Startribune.com digital sports editor Howard Sinker used to cover the Twins and now shares season tickets with friends in Section 219 of Target Field. He blogs about baseball from the perspective of a long-time fan who loves the game, doesn’t always believe the hype and likes hearing what others think. Howard sometimes talks about sports with Cathy Wurzer on MPR's Morning Edition.
What do the Yankees, Red Sox and Twins have in common? They're all 0-3.
The difference between the Eastern teams and the local team is in the likelihood of losing 100 games or so.
Even before things started to come unwired toward the end of spring training, the debate over the weakest team in the AL Central always included a heavy dose of Twins talk. That was before Justin Morneau was relegated to DH and two of the expected five starting pitchers opened the season not in the rotation.
A team without much margin for error, even to reach .500, was being forced into make-do mode before the first pitch in Baltimore.
Add to that the compromises that had been struck by design and the recipe is there for an awkward season that could turn the Twins into successors to the pre-Rubio Timberwolves in how they are perceived in Minnesota.
Some of the compromises were on glaring display during the opening series of losses to the Orioles.
*When Morneau is the full-time DH -- a best-use decision for his health -- it means that Ryan Doumit has to use a glove. When he was signed as a free agent, the Twins made it clear that it was for his bat, not his defense. On Friday, he misplayed a deep fly ball into a triple -- taking a bad route and having the ball go off his glove -- that helped Baltimore stretch its 2-0 lead into 4-0. Ben Revere was the starting right fielder in the next two games, a compromise because his subpar arm is more suited for left, the position that Josh Willingham is playing, Gardy said, because Willingham is more comfortable there. (If you missed it, Willingham mishandled two balls for errors on Saturday.)
*The starting rotation is compromised by its reliance on hope: Hope that Francisco Liriano's spring training is more indicative of how he'll do than his 2011 season, that Scott Baker would be healthy and Carl Pavano would return to something close to his 2010 form. Saturday's start for Liriano was promising -- until the second inning. Baker, who should be the strongest starter, is out with arm problems and Jason Marquis isn't ready yet because of the attention he's properly paid to his daughter's health. Add to that Liam Hendricks' food-poising bout and Pavano's lack of velocity on Opening Day and the Twins are 5-for-5 in rotation issues just three games into the season. Are we going to have to hear about 2012 as Perfect Storm, the sequel?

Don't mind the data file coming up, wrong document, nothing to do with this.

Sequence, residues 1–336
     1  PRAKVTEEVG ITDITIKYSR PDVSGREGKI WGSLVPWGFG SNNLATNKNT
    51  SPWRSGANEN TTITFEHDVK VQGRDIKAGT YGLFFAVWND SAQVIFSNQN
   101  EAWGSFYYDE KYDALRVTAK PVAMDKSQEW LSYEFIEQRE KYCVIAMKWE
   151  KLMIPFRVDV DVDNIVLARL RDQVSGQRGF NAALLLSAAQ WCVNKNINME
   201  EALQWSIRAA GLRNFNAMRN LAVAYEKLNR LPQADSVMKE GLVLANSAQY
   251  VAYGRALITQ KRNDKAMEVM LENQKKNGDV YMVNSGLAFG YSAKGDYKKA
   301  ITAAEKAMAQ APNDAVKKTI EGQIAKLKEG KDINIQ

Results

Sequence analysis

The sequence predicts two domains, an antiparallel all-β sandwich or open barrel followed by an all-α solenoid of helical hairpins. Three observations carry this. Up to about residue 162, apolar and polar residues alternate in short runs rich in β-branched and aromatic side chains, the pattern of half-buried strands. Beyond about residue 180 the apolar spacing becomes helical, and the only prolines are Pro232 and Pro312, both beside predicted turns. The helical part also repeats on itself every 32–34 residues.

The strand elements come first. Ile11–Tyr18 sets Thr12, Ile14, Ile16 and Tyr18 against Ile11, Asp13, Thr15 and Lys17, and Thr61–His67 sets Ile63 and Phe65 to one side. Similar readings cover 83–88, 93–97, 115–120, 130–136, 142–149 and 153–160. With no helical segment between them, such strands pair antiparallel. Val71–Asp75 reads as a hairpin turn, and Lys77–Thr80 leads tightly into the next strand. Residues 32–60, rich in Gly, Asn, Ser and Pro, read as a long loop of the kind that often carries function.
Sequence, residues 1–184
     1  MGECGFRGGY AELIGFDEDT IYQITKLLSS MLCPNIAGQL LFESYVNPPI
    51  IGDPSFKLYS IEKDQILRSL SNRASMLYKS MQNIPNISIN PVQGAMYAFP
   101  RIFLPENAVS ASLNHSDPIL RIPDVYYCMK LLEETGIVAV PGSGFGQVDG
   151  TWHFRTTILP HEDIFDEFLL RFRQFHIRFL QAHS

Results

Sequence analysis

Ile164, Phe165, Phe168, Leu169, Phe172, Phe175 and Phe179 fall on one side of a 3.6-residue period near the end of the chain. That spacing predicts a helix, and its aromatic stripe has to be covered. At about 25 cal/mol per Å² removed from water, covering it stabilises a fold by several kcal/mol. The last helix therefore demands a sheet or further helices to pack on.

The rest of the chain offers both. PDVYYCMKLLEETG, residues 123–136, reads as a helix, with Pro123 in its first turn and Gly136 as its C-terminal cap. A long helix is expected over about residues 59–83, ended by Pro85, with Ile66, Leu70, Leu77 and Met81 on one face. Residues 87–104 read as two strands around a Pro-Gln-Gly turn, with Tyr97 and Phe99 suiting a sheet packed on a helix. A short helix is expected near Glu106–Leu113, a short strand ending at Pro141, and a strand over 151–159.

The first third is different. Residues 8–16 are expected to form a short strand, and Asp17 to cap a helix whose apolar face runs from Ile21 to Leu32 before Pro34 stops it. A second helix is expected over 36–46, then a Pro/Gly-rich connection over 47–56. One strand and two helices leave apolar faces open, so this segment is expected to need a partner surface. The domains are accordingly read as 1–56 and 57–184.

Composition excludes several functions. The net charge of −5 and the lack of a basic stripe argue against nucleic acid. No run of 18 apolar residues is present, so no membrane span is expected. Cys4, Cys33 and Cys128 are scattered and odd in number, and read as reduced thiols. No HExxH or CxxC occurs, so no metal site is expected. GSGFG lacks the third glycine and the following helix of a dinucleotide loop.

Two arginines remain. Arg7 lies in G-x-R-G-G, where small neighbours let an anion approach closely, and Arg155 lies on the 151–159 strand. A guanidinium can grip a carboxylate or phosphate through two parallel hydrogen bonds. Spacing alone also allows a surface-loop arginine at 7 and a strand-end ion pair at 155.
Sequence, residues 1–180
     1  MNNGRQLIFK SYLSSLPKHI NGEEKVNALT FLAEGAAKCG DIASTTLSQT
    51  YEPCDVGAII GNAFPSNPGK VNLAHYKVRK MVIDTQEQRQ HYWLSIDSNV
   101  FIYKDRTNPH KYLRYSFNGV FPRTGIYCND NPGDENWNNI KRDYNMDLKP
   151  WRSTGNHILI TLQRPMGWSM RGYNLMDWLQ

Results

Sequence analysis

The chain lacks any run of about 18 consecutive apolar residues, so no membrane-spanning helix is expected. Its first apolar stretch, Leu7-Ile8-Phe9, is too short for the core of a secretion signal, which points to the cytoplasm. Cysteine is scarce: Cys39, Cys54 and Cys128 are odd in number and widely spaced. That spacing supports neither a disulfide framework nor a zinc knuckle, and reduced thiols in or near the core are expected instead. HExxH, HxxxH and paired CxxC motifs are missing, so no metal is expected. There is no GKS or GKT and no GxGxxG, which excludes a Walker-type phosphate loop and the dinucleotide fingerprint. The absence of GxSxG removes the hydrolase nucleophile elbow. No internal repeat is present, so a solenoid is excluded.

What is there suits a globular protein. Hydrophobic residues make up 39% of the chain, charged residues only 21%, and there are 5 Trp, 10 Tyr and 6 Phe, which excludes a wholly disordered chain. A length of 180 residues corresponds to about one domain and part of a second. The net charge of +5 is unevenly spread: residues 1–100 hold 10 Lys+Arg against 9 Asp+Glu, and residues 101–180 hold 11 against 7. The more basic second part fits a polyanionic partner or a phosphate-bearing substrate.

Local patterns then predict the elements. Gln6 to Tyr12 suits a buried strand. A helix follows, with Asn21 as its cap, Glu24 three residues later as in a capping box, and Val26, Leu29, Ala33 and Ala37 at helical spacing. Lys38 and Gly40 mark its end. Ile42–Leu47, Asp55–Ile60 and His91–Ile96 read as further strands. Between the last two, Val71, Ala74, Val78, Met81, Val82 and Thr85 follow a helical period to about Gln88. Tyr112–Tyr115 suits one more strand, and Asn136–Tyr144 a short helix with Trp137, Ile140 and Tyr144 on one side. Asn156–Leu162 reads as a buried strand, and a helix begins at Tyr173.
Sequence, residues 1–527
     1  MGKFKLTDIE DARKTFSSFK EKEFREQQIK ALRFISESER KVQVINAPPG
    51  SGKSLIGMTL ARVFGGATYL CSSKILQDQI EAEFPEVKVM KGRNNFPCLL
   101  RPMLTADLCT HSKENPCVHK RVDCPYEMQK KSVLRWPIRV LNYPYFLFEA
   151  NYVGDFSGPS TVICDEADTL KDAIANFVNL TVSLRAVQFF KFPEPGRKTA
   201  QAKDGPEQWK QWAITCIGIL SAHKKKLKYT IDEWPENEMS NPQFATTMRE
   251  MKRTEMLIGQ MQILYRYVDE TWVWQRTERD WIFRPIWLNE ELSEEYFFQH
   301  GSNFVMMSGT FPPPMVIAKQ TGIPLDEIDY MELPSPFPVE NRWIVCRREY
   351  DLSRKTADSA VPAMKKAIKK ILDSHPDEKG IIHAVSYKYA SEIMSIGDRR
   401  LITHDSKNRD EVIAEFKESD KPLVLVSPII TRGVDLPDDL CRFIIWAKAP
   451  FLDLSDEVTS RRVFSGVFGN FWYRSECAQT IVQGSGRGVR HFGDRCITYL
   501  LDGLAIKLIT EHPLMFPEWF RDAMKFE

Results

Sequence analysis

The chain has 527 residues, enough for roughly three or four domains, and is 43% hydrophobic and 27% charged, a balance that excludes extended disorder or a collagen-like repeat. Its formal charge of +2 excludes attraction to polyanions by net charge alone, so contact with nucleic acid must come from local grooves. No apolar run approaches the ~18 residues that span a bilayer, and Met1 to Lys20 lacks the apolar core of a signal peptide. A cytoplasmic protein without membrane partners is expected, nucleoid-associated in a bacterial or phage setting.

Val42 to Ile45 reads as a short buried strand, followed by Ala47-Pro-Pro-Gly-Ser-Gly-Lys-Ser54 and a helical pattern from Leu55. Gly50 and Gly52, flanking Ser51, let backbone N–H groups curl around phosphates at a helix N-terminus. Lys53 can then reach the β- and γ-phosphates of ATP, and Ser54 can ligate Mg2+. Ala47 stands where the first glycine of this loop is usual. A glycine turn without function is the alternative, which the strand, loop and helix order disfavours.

*Over the winter, Terry Ryan opted to duplicate the painful path of 2011 in regard to looking for relievers. The Twins opted against the numerous veterans who were on the market -- save for re-signing Matt Capps -- in favor of another venture to the discard rack for guys no longer wanted by their previous employers. A bunch of them didn't make it out of spring training; a couple of them didn't look so good in Baltimore. Just after the TV guys were talking Saturday about Jared Burton's track record of not giving up home runs, two guys took him deep. Matt Maloney turned 1-0 into 3-0 on Sunday, in part because of a glaring mental mistake that resulted in a double steal. (See: Doing the little things right.) You were warned that a good March means little in April. Anyone remember Keith Comstock? Joe Klink? Tom Klawitter? Don't make me recite three decades of names.
Beyond those compromises, the Twins spent the opening series making three Orioles starting pitchers with mediocre (at best) career records look like C.J. Wilson, Jared Weaver and Dan Haren, the three Angels pitchers whom the Twins are scheduled to face at Target Field this week. Will the Twins will make those three look like Sandy Koufax, Bob Feller and Bert Blyleven? And for all of the appreciation of Anthony Swarzak's work on Sunday, if he wore Orioles colors, we'd be talking about him in the same terms that we've used for that team's starters.
Also, Gardy had issues with Danny Valencia's defense, Burton and Joe Mauer's inability to grasp the scouting report on Nick Markakis (No changeups, darn it) and Maloney's failure to watch runners. Combine that with a top-of-the-order that got four singles in three games and the other statistical shortcomings that should shake themselves out, and you have 0-3 with the next 10 games against postseason-built opponents.
Allow me to cherry-pick some numbers for a second: The Twins managed to finish 36 games under .500 in 2011 despite a midseason stretch of winning 30 out of 50 games. Take away that middle third and the Twins, counting this year's opening series, have a .287 winning percentage (33-82) going back to the start of last season.
For those of you who need to bring a math question to class this week, try this: A team that plays .287 baseball over a 162-game season suffers how many losses?
I'm not saying it will be that bad. The 1991 Twins lost nine of their 11 games (with Jack Morris going 0-3, 6.38) before getting straightened out and winning the World Series. The 1987 Twins, the other Series champions, gave up more runs than they scored and had a .358 winning percentage on the road.
Teams can find ways to overcome their shortcomings, so you'd be jumping to conclusions by kissing off the season with 159 games to play. (Offstage voice: OK, I'll give it another week.)
I am saying that the first weekend of games gave us very little about which to be optimistic. Will the first week of home games be any different?
You're not foolish to wonder.
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